Apurímac 3,034 1.0%
Primer-lugar-de-la-bandera-regional-Puno1.jpg
Puno 5,837 0.6%
Peru Peru 1,336,931 5.9%

Origins

The following are the ethnic backgrounds of the majority of European-descended Peruvians: Spanish, Italian, German (includes Poles due to Partitions of Poland), French, British, Croatian, and Irish. Peru is also home to some 2600 Jews whose ancestors came mainly from Germany, Poland, Hungary, Latvia, Lithuania, Ukraine, Moldova and Russia, among others.[15]

See also

References

  1. ^ "Perú: Perfil Sociodemográfico" (PDF). Instituto Nacional de Estadística e Informática. p. 214. Retrieved 5 February 2020.
  2. ^ a b c d "Perú: Perfil Sociodemográfico" (PDF). Instituto Nacional de Estadística e Informática. p. 214. Retrieved 11 April 2020.
  3. ^ Hemming, J., 1970, The Conquest of the Incas, New York: Harcourt Brace Jovanovich, Inc., ISBN 0151225605
  4. ^ Box, Ben (2004). The South American Handbook (80 ed.). Footprint Travel Guides. p. 1132. ISBN 978-1-903471-70-8.
  5. ^ Prescott, W. H. (2011). The History of the Conquest of Peru. Digireads.com. ISBN 978-1-420-94114-2.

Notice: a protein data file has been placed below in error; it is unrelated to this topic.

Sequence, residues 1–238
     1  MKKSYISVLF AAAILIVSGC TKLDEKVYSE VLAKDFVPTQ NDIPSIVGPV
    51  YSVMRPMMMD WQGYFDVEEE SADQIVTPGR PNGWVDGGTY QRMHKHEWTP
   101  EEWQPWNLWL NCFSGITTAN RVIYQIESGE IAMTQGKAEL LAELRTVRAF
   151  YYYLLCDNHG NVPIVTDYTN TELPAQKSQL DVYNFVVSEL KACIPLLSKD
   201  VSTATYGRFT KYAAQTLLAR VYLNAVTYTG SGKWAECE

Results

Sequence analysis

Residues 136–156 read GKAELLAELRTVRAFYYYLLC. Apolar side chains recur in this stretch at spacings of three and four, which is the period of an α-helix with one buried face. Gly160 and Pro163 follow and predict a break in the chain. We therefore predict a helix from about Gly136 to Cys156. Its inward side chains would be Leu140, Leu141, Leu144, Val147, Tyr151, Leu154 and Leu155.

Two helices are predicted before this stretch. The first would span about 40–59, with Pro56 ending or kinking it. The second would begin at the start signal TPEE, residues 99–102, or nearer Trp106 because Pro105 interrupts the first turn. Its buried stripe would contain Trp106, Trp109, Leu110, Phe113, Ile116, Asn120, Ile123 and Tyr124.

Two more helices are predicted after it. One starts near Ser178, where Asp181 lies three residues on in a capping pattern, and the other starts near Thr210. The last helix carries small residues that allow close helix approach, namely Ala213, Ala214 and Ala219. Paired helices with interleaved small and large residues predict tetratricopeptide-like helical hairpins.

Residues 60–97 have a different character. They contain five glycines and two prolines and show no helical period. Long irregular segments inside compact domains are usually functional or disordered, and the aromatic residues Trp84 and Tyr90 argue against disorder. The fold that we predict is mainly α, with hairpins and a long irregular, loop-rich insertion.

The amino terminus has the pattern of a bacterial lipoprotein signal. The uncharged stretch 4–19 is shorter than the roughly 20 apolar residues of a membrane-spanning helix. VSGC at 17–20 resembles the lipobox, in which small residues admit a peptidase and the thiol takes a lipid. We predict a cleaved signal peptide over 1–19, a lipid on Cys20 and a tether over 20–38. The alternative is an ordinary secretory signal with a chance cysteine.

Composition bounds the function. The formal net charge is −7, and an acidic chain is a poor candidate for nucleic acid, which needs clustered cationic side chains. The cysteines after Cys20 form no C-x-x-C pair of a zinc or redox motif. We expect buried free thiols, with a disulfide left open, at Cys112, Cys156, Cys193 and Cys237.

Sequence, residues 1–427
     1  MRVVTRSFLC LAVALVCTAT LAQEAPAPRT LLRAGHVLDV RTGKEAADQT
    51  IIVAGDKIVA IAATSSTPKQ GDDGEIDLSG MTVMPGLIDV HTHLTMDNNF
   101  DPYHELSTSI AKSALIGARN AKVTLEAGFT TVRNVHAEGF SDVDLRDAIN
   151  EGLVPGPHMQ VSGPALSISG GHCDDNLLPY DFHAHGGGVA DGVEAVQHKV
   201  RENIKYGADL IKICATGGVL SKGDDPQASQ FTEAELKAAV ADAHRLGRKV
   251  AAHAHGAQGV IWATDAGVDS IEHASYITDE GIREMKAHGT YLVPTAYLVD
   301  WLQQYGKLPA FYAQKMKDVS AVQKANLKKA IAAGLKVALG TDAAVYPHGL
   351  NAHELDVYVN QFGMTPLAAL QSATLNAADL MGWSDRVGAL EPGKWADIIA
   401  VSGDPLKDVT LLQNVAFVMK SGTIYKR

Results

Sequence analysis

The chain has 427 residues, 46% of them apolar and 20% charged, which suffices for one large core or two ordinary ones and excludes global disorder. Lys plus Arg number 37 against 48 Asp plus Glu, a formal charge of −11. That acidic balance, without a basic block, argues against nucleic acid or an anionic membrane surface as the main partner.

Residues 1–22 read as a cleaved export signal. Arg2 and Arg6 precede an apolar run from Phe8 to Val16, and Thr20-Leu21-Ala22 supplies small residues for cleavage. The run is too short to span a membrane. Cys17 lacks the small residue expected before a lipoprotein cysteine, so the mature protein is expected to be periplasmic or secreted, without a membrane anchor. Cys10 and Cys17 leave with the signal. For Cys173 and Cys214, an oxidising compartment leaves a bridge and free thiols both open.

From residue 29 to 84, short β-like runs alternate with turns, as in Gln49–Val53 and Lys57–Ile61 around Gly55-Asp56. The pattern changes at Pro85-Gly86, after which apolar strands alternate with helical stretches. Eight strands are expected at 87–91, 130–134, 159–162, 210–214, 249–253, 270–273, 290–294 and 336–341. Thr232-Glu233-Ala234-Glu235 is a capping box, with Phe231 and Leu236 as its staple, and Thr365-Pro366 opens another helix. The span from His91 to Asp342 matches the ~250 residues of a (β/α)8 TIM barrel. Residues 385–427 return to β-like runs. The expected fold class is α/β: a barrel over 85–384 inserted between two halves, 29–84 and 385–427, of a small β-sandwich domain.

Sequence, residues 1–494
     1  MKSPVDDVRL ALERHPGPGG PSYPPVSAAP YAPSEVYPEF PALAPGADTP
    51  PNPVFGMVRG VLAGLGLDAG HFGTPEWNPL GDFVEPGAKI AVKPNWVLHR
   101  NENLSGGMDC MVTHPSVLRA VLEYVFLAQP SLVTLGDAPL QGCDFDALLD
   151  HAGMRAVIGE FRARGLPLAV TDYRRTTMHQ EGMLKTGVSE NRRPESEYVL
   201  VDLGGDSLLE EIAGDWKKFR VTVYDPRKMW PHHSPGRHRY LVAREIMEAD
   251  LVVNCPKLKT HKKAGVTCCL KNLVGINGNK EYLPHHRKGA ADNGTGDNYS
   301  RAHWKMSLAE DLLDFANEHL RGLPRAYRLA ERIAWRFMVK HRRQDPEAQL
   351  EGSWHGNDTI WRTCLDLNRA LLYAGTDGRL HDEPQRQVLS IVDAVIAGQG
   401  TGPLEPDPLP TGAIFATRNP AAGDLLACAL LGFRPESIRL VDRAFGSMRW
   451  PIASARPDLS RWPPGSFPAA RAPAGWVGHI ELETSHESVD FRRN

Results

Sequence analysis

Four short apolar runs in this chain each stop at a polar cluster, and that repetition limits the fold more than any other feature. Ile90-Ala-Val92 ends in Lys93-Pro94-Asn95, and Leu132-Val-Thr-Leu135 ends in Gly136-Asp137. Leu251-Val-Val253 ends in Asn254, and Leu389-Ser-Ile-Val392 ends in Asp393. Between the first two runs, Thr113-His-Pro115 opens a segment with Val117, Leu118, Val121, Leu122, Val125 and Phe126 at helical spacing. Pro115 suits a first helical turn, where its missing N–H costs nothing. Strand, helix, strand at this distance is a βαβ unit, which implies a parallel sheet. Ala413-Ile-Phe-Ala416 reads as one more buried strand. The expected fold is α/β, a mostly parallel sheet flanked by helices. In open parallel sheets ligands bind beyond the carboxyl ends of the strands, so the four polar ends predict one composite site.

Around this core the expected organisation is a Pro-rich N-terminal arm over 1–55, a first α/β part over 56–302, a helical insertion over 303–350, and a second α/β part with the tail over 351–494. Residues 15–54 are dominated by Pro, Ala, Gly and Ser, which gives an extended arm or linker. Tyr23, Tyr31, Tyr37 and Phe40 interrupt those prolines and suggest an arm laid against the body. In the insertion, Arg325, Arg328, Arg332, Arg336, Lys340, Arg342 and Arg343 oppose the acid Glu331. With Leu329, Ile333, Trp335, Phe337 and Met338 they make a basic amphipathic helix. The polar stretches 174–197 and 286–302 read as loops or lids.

6. ^ "Napoleón Cieza Burga: Fundación de Trujillo no fue el 5 de marzo". La Industria. Archived from the original on May 9, 2012. Retrieved April 27, 2012.
  7. ^ History of How the Spaniards Arrived in Peru: Relasçion de como los ... - By Titu Cusi Yupanqui, Catherine J. Julien
  8. ^ "Empresas Transnacionales en el Perú: Breve Reseña Histórica" [Transnational Companies in Peru: Brief Historical Review] (in Spanish). PLADES. Archived from the original on October 22, 2011. Retrieved April 10, 2020.
  9. ^ EMPRESAS TRANSNACIONALES EN EL PERÚ: Nestlé Peru S.A. (in Spanish)
  10. ^ "Directorio de las principales empresas y entidades del Perú: Corporacion Jose R. Lindley .S.A." [Directory of the main companies and entities of Peru: Corporation Jose R. Lindley .S.A.] (in Spanish). CreditosPeru.com. Archived from the original on July 31, 2010. Retrieved January 11, 2012.
  11. ^ "Corporación José R. Lindley S.A." Inca Kola.
  12. ^ "Corporación José R. Lindley S.A." (in Spanish). Retrieved 6 March 2020.
  13. ^ "PPK sobre origen étnico: Ustedes me ven la cara, soy blanco". americatv.com. 2017. Retrieved 11 April 2020.
  14. ^ Carlos Miranda Loayza; Daniel Abuhadba Rodrigues (2007). "Inmigración Europea al Perú" [European immigration to Peru]. espejodelperu.com.pe (in Spanish). Retrieved 18 January 2016.
  15. ^ "Peru". www.jewishvirtuallibrary.org.
This page was last edited on 27 September 2020, at 20:08